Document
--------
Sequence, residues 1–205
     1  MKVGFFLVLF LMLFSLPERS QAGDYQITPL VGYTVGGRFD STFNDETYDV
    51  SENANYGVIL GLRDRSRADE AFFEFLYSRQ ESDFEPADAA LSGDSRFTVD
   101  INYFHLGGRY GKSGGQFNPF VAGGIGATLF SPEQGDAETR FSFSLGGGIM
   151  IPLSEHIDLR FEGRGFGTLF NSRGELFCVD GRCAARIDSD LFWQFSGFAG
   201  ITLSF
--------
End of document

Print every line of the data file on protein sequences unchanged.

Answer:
Sequence, residues 1–205
     1  MKVGFFLVLF LMLFSLPERS QAGDYQITPL VGYTVGGRFD STFNDETYDV
    51  SENANYGVIL GLRDRSRADE AFFEFLYSRQ ESDFEPADAA LSGDSRFTVD
   101  INYFHLGGRY GKSGGQFNPF VAGGIGATLF SPEQGDAETR FSFSLGGGIM
   151  IPLSEHIDLR FEGRGFGTLF NSRGELFCVD GRCAARIDSD LFWQFSGFAG
   201  ITLSF